A bionic leaf turns sunlight into liquid fuel has been developed by scientists in the US.
The inspiration for the idea comes from nature and mimicking the process of photosynthesis.
The system is able to generate electricity at night or on a cloudy day and is now producing solar biofuels even more efficiently than plants, Harvard University scientist Daniel Nocera says.
“If you ever think about photosynthesis it takes just air, water and sunlight and it makes hard stuff – wood and leaves – and so that’s how it’s storing the solar energy,” Nocera says.
His team looked very closely at how plants work.
“It’s a two-step process, and so what we first did was we needed to absorb sunlight. We don’t have a leaf so we use silicon – that’s the material in solar panels. Light hits the silicon, energises the silicon and you can get a current out of it.”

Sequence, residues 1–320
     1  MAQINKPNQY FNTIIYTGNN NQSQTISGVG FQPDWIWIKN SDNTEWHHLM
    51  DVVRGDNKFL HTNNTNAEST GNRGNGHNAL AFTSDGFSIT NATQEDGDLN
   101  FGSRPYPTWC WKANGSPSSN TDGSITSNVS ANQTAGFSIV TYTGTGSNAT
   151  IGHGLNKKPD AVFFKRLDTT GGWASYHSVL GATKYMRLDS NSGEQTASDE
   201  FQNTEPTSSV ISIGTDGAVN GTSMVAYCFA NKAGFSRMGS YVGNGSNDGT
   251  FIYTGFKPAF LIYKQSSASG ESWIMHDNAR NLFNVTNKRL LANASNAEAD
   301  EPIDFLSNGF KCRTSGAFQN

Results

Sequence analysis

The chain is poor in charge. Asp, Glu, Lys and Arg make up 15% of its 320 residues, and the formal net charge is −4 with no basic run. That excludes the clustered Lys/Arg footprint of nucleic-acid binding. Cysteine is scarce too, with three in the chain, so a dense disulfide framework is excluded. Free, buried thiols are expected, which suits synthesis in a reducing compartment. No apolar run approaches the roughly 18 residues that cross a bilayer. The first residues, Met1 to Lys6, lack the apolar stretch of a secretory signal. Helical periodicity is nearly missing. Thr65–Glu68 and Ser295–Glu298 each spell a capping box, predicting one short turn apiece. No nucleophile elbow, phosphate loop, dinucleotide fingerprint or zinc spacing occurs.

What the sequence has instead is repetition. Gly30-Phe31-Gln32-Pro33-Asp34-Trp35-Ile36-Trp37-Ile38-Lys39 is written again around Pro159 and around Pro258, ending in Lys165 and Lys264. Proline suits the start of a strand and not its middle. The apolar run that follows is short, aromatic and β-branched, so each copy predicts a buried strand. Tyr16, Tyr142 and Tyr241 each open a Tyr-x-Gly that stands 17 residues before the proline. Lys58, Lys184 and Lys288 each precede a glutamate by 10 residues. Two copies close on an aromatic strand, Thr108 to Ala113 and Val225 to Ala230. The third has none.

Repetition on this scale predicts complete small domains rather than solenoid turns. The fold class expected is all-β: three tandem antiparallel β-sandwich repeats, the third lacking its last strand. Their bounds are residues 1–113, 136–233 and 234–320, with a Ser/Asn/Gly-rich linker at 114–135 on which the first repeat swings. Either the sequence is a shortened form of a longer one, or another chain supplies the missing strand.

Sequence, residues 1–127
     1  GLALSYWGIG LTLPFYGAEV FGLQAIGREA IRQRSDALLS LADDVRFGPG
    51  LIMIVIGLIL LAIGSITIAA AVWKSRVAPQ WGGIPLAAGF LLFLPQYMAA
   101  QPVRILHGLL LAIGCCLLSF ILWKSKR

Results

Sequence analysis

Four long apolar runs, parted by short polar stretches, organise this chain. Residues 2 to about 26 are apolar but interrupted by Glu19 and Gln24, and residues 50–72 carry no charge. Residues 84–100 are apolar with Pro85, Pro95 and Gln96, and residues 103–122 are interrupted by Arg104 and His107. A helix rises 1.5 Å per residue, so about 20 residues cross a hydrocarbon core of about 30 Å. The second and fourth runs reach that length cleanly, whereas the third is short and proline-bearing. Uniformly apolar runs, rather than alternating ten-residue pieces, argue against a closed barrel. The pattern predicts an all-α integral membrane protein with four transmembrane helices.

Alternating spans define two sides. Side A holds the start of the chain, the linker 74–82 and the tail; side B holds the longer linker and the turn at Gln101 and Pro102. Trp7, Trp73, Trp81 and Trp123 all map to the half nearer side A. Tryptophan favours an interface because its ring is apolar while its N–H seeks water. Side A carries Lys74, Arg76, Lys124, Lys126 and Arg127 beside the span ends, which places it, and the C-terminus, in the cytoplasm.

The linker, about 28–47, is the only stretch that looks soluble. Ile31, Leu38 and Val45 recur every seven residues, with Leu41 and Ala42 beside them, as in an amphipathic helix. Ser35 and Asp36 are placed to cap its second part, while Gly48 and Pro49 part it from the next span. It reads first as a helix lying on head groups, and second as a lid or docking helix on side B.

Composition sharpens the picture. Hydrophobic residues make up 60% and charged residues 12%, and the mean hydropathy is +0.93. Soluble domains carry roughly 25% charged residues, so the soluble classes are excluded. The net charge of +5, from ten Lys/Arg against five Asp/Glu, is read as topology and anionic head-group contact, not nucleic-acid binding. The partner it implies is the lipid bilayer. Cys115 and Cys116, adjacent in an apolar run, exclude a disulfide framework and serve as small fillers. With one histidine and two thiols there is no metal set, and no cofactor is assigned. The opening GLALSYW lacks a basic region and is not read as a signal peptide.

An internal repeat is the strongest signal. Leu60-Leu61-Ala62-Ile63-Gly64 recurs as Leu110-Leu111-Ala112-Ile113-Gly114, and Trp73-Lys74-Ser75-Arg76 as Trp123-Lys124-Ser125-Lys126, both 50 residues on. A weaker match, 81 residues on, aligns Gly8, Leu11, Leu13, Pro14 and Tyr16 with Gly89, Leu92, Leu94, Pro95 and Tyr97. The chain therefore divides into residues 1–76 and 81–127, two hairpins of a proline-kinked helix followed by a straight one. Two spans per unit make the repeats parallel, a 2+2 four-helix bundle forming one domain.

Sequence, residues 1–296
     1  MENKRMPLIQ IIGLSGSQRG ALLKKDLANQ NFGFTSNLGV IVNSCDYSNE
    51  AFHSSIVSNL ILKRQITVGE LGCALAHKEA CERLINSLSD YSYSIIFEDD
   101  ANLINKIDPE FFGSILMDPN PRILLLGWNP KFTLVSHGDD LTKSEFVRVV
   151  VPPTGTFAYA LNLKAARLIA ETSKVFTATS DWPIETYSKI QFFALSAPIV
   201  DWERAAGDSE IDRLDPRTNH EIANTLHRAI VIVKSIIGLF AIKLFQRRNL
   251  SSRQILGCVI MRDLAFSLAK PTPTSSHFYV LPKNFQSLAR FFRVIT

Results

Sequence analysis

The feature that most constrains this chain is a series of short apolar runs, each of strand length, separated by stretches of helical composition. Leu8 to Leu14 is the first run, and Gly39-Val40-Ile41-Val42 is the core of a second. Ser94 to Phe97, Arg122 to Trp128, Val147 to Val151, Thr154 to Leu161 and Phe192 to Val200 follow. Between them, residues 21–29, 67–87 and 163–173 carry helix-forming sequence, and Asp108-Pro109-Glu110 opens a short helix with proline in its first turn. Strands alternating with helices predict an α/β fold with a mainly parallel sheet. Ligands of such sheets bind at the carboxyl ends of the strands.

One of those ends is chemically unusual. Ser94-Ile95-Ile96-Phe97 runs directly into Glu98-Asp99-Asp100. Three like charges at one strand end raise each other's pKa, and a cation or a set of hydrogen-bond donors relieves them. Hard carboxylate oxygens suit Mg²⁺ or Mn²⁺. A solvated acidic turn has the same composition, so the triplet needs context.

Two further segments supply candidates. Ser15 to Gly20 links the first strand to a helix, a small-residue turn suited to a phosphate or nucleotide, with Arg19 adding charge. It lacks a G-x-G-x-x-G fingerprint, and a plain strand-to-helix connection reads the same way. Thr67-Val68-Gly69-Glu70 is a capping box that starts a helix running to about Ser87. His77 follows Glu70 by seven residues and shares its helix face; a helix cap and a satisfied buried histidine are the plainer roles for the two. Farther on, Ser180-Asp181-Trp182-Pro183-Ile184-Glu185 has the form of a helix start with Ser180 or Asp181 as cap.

The obvious weakness here is that when the sun goes down the power dies, so some kind of storage is needed.
The scientists mimicked the storage mechanism delivered by photosynthesis.
“We made the leaf with silicon and we made two special catalysts we put those as films on the silicon. The silicon is energised, it energises these catalysts that split water into oxygen and hydrogen just like in a leaf.
“Then we went one step further and we fed the hydrogen to bacteria that could eat the hydrogen and breathe in CO2 from the air and then make a liquid fuel.”
That liquid fuel serves as a kind of battery.
The artificial ‘leaf’ – which is about the size of a door – photosynthesises much better than an actual plant.
“We’re ten times better and we don’t need to compete with the food supplies”, Nocera says.
“Fuels have intrinsically a much higher capacity to store energy [than batteries]. We’ll need fuels in the long run.”
The scientists are now building prototypes and hope to bring the invention to market soon, he says.
Daniel Nocera is a member of the MacDiarmid Institute's International Science Advisory Board, he shares his knowledge with New Zealand scientists working on solar energy and new materials aimed at making solar panels cheaper and more versatile.